Don't look like a dummy the next time you go out for Asian food with friends.
If you've ever been "that person" who asks for a fork at an Asian restaurant despite the fact that chopsticks are already set out and every other patron is wielding them with skill, then you know the shame that results from the request. After all, they're just two little sticks, and even children can use them!
You're missing out if you're declining invitations to new sushi restaurants or dim sum cafeterias just because you can't use chopsticks, so and teach yourself how to maneuver these ancient tools.
Beginners may have better luck using disposable wooden chopsticks, like the kind that most take-out places offer. They're lighter than plastic or lacquered varieties, and the rough texture of the wood can be easier to grip.
Start by holding one chopstick near your first thumb joint, resting it in the little nook where your thumb meets your hand. Then hold the second chopstick like you would a pencil, between your forefinger and middle finger.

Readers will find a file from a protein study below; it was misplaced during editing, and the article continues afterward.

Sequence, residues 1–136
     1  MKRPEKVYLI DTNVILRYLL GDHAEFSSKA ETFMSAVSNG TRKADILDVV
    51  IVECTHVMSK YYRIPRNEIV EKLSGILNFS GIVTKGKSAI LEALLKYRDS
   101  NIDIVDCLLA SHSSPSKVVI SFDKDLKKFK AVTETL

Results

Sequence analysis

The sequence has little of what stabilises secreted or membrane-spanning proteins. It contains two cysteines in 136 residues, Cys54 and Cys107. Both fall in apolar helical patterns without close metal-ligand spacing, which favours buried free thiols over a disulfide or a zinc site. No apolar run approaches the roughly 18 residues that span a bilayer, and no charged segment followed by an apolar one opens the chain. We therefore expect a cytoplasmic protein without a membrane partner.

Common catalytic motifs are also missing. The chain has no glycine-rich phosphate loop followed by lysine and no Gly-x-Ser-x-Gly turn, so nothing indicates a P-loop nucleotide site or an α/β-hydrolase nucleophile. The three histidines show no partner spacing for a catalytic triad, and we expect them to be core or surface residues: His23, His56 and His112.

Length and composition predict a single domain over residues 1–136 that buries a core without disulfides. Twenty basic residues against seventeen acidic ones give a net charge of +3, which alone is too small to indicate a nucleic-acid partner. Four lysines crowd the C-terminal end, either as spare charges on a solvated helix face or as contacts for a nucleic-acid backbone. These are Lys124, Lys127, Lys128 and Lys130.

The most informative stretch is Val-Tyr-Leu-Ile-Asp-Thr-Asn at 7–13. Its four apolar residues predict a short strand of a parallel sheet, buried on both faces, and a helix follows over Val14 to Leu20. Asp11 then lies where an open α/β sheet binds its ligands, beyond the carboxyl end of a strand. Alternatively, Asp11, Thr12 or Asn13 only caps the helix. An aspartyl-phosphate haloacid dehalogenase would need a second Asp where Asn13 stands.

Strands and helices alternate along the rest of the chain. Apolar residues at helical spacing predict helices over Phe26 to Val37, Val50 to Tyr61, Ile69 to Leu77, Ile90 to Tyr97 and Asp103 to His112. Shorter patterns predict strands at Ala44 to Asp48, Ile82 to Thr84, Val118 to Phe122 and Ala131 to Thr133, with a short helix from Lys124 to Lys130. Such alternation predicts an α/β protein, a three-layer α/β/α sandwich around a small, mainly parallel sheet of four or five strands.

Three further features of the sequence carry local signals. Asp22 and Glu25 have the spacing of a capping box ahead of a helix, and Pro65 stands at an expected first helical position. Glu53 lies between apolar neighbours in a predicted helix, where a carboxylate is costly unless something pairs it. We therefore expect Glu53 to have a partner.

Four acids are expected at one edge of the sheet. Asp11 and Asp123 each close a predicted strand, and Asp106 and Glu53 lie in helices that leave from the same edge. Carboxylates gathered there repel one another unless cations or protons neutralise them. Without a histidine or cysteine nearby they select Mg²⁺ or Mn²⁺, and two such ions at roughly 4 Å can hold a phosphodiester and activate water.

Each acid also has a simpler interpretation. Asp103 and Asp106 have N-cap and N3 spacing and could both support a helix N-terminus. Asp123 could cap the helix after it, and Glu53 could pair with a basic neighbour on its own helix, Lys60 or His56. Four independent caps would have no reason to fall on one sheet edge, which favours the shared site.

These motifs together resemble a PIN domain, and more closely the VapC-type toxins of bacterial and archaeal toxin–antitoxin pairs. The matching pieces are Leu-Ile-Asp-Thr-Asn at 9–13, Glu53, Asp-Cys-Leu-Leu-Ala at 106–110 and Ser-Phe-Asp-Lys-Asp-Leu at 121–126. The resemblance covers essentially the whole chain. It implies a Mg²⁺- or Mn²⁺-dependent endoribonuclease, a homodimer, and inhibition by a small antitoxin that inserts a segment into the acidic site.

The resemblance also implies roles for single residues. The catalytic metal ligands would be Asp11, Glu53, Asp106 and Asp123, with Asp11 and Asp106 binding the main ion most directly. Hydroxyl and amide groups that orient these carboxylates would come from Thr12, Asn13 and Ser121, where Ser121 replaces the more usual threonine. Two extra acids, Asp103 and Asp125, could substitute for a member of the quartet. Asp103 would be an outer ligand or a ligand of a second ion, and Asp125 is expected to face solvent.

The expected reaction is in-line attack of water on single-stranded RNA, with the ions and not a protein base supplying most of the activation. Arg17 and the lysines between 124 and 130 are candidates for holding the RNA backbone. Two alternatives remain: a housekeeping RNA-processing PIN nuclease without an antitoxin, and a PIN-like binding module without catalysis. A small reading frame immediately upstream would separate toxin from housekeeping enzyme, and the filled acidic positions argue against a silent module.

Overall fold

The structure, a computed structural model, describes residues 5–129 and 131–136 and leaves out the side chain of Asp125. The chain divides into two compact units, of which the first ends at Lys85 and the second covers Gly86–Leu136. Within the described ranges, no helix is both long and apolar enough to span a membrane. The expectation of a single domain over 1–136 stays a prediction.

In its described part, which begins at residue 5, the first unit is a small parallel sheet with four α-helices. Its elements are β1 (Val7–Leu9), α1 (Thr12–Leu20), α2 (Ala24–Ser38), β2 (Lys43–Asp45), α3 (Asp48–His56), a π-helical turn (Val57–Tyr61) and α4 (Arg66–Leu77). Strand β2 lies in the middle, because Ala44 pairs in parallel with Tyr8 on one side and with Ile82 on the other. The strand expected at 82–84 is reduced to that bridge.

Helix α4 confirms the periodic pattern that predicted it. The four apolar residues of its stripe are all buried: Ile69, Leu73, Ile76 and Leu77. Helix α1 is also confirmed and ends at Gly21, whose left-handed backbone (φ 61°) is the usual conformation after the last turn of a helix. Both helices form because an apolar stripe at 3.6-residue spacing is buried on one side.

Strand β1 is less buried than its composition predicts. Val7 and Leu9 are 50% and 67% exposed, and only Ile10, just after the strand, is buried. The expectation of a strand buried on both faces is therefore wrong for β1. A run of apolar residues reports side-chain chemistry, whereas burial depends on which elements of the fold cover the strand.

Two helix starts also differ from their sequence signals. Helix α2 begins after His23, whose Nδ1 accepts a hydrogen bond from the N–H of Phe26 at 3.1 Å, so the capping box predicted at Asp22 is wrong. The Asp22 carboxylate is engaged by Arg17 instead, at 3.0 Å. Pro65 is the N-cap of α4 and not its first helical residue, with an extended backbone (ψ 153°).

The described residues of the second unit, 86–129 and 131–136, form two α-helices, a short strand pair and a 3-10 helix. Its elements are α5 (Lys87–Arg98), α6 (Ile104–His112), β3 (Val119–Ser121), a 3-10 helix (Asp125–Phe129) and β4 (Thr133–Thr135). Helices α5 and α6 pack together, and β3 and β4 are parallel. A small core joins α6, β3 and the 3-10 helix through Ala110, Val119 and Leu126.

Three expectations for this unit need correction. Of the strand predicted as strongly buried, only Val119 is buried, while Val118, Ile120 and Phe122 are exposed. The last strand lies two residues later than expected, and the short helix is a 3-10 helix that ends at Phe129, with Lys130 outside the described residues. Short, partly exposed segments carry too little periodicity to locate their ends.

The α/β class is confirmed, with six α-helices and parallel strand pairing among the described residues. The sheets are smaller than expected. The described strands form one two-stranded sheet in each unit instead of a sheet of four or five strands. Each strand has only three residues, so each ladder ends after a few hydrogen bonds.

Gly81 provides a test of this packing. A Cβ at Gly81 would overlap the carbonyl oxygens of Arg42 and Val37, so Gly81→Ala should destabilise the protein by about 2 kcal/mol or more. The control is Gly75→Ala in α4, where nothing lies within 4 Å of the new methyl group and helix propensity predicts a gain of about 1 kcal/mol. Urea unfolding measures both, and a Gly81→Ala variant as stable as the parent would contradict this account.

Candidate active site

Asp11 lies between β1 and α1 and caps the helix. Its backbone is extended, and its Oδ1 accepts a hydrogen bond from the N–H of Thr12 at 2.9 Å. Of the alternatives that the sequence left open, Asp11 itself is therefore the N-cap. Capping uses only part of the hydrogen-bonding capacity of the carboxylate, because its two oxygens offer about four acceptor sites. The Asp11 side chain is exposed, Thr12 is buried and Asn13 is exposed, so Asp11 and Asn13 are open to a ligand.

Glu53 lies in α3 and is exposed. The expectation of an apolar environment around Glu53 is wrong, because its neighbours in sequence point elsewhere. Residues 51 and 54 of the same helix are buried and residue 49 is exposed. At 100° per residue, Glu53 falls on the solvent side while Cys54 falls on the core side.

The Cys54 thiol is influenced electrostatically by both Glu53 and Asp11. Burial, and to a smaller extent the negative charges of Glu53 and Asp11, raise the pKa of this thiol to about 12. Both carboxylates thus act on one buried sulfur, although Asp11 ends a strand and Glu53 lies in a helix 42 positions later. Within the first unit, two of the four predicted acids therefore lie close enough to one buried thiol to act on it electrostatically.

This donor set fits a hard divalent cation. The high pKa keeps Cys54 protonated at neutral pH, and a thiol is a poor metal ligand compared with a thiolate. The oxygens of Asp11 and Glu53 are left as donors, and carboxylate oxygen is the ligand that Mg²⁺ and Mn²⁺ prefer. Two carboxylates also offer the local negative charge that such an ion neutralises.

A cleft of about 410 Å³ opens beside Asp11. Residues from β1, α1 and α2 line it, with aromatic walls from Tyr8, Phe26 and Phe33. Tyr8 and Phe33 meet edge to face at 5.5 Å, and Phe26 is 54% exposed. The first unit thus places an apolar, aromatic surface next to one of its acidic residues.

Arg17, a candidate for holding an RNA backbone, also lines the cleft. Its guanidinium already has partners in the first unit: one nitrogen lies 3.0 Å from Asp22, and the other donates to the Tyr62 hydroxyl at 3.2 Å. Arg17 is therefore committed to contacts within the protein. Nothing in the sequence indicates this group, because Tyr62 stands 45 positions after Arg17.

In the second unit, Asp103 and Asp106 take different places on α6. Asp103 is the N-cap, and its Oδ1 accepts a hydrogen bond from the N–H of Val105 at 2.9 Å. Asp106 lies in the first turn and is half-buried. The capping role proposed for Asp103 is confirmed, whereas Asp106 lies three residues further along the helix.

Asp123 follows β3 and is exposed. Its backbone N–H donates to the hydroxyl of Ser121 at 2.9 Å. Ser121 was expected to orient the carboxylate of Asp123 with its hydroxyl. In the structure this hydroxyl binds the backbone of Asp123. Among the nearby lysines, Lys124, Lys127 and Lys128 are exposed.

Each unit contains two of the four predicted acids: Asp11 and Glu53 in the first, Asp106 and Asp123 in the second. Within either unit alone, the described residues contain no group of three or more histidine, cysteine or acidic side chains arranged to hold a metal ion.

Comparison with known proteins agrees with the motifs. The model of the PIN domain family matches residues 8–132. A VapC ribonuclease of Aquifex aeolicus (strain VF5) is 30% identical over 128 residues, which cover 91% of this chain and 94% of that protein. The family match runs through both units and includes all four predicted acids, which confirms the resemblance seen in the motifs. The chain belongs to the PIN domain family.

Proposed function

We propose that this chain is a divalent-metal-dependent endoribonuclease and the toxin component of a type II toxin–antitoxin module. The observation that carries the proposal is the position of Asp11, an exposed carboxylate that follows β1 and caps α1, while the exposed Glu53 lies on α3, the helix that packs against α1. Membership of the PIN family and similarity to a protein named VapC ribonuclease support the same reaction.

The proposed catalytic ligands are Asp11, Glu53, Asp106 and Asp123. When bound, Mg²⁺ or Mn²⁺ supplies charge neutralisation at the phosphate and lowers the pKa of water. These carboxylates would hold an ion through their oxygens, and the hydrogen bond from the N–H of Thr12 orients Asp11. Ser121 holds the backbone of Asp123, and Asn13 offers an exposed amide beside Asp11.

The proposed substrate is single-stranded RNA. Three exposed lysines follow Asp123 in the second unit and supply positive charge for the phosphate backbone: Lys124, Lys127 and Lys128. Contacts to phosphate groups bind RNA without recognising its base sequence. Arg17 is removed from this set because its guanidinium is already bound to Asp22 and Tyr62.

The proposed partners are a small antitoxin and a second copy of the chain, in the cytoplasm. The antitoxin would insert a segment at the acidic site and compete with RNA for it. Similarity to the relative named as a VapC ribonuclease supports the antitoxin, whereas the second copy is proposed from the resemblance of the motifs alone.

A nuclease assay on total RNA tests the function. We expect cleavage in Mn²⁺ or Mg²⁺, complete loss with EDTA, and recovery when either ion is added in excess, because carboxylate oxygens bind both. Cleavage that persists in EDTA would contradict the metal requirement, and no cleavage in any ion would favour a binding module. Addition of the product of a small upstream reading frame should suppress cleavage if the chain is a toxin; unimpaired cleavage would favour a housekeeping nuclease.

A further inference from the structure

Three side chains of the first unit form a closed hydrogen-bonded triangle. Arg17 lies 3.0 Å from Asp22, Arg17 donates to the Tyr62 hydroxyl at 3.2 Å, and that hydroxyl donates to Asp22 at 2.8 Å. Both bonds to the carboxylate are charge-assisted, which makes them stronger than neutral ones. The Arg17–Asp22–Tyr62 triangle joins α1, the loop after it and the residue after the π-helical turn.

Now practice holding the bottom chopstick still while you control the top one with your more agile digits – this is key, because moving them both all willy-nilly doesn't work out so well. After a while, you should find it pretty easy to pick up most types of food with chopsticks, with sushi and solid chunks of meat being the easiest.
When all else fails, you can simply stab food with your chopstick. Just don't do this in front of anyone you want to impress.
Practice makes perfect
It's best to hone your skills at home rather than at a fancy restaurant, to avoid embarrassing yourself. Trust us, nothing draws glares from strangers quite like fumbling around at the dinner table, especially if flying food and chopsticks are involved. You might even put someone's eye out, and that's just bad table manners.
Try making some Japanese-inspired creations, like these Seafood Sushi Wraps
or Spicy Salmon Star Wraps
to practice at home. If you want to challenge yourself a little more, whip up a batch of Sticky Rice